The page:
Rumour has it: How Apple’s headphone jack removal could compromise its enterprise position
Consumers and industry pundits are already expressing frustrations upon hearing that Apple is planning to remove its headphone jack in the next iPhone. But is this simply a consumer issue? Or will it have an impact on the enterprise market as well?
The company has already been making major moves to strengthen its position within the enterprise, including partnerships in the past year with Cisco and IBM, and new enterprise-friendly features to iOS and macOS Sierra at this year’s WWDC.
As Apple tries to strengthen its position in the enterprise, it will have to deeply consider every decision it makes, both in terms of how it will impact its loyal consumer base as well as its enterprise customers. This is especially true given these two groups are becoming harder to distinguish as BYOD becomes more common among organisations and their employees.
The consumerisation of mobility and IT
Consumers and enterprises face the same pain points – if Apple goes ahead and removes the headphone jack, the cost is translated to the consumer, who would then have to purchase wireless headphones to use their devices hands free. The same goes for enterprises. This could result in backlash if companies need to buy an adapter or wireless headsets along with the phone for employees that use regular headphones.
Wireless headsets can be considerably more expensive than standard wired headphones, ranging from $50 on the low-end to $500 for very high-end wireless headphones. If companies have to purchase wireless headphones for employees, the cost of enterprise mobile programs could rise significantly due to more expensive hardware required.
My company has enterprise customers that require their employees to use hands-free devices on their phones for safety-reasons. At the moment, we send out and frequently replace reasonably-priced wired headsets. However, if the phone only supports wireless headphones via the Lighting technology, USB or Bluetooth, this customer would need to replace all of its current headsets, which could get very pricey.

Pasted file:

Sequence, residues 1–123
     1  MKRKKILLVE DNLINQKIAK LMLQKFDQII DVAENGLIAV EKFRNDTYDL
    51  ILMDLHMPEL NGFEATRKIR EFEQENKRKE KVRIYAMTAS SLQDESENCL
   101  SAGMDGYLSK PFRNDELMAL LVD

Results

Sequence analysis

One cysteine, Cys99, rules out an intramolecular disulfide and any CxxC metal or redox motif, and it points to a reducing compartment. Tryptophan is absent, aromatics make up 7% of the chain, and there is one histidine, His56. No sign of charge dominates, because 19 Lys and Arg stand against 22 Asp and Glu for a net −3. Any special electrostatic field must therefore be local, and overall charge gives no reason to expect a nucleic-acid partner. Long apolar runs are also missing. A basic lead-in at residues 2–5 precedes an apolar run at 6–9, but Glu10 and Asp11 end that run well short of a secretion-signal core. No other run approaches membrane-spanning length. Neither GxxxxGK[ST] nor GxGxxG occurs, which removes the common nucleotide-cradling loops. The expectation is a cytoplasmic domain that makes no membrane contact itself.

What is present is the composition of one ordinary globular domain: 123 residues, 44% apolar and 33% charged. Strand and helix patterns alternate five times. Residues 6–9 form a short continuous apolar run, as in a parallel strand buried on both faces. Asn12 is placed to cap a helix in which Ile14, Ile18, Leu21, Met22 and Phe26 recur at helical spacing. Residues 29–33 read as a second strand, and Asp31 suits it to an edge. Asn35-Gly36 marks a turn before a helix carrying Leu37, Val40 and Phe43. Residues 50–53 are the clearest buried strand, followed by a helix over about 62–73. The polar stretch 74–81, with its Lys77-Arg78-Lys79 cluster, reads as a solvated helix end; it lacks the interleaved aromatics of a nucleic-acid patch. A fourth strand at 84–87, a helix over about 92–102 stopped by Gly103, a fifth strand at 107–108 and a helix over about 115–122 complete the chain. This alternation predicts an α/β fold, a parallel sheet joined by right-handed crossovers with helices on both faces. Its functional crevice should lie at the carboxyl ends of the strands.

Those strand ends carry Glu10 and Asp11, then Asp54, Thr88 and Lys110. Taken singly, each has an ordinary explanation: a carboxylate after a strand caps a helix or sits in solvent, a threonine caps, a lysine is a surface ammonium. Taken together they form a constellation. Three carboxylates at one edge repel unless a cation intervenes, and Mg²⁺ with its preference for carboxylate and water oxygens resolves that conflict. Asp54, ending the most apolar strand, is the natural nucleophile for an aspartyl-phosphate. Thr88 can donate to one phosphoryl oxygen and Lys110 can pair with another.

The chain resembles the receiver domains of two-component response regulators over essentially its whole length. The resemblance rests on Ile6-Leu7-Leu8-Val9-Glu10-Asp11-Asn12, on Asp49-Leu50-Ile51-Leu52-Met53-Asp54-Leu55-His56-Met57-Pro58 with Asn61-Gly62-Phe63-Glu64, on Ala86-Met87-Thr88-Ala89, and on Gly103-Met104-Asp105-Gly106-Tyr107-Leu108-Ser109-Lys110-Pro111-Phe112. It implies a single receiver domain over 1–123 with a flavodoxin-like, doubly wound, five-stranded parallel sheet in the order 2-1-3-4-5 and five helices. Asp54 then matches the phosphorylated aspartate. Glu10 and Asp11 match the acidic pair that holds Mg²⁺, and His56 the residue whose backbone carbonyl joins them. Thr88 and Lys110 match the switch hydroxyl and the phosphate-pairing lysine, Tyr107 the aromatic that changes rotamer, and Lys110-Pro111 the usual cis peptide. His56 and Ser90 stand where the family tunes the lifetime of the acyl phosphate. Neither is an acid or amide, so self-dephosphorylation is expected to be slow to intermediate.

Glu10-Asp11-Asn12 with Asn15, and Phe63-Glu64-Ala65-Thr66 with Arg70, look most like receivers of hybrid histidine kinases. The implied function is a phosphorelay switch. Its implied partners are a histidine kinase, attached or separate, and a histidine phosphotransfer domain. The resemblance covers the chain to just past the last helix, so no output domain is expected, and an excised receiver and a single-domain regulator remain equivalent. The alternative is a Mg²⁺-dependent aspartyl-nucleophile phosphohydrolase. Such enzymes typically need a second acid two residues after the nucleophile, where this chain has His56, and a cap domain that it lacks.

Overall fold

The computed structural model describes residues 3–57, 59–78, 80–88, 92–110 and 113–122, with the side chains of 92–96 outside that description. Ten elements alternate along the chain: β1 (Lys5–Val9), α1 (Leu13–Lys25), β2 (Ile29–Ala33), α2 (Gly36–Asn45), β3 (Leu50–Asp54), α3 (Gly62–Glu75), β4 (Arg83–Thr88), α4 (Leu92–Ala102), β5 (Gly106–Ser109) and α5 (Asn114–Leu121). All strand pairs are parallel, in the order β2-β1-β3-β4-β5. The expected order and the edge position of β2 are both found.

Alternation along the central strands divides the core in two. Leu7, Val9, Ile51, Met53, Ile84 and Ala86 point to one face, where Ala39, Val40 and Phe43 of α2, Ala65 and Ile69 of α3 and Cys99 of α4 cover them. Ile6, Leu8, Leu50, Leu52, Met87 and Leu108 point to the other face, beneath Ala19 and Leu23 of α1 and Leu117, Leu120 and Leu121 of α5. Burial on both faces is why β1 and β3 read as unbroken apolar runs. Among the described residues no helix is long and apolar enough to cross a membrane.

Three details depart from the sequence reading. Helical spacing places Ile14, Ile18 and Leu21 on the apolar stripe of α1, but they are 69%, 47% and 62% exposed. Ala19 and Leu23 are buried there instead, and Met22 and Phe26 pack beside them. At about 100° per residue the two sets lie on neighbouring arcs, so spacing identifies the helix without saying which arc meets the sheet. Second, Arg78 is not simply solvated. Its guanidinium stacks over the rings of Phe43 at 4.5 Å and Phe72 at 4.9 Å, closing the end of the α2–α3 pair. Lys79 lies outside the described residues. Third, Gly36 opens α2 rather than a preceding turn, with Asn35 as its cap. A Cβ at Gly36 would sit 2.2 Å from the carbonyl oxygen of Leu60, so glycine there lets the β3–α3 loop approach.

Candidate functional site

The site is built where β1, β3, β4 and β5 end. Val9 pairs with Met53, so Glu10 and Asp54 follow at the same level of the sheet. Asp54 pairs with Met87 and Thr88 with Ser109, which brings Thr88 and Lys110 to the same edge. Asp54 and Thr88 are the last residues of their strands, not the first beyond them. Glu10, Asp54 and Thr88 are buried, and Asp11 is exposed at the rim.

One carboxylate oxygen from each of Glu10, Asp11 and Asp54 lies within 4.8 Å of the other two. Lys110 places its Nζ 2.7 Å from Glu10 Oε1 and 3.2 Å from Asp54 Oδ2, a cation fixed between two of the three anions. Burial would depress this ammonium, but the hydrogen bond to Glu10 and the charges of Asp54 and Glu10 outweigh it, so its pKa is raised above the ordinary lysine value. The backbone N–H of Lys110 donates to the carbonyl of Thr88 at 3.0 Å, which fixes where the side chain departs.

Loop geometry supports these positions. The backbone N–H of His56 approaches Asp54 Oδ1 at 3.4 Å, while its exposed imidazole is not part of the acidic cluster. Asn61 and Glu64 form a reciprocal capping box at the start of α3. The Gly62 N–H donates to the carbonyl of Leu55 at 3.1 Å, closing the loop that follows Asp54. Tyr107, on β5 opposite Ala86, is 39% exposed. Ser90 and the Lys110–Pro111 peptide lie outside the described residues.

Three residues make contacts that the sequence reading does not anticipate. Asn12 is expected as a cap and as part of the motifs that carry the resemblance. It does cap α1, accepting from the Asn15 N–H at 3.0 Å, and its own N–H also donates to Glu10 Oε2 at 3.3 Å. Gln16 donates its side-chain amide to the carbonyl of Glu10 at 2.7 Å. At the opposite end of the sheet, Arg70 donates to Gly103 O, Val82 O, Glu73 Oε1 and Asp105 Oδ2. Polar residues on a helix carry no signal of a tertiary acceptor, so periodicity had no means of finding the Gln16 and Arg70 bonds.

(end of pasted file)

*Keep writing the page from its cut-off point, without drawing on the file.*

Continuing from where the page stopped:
Evolutionary technology doesn’t mean increased adoption
In addition to the increase in prices, the pace of adoption of these new devices will also slow significantly as they are more evolutionary, not revolutionary. Where revolutionary technologies create an immediate impact, evolutionary technology is considered more of a next step that may or may not be necessary.
For example, we are already seeing a significant decline in smartphone sales – according to Gartner, smartphone sales are down 14.4 percent globally, from 2015 to 2016. This is linked to users not replacing or upgrading their smartphones as often in previous years. This could also be in part because each new generation of smartphone is only incrementally better than the previous – no huge changes are being made to devices, making them evolutionary improvements.
Additionally, smartphone customers and companies purchasing phones for employees used to be shielded from the costs of purchasing new devices through carrier subsidies. Now, customers will likely see the costs they pay towards the device on a monthly basis, or simply have to pay up front. This forces customers to decide if they really want to upgrade and swallow the cost of the upgrade. Additional expenses like these may slow the cycle of adoption of these devices.
Balancing innovation for impact versus actual use
Technology is evolving at breakneck speed, and the smartphone market is no exception. And while removing a headphone jack could seem like one of the more benign innovations, it will have a dramatic impact on both consumers and enterprises. Companies need to find the balance of incorporating these new innovations with the use cases they’ll receive within the workplace. In many cases, the costs could outweigh the ROI of its use.
We look forward to the future innovations companies like Apple will bring to the enterprise workforce, and continue to monitor their impact on companies and employees alike.
Interested in hearing industry leaders discuss subjects like this and sharing their use-cases? Attend the co-located IoT Tech Expo, Blockchain Expo, AI & Big Data Expo and Cyber Security & Cloud Expo World Series with upcoming events in Silicon Valley, London and Amsterdam and explore the future of enterprise technology.
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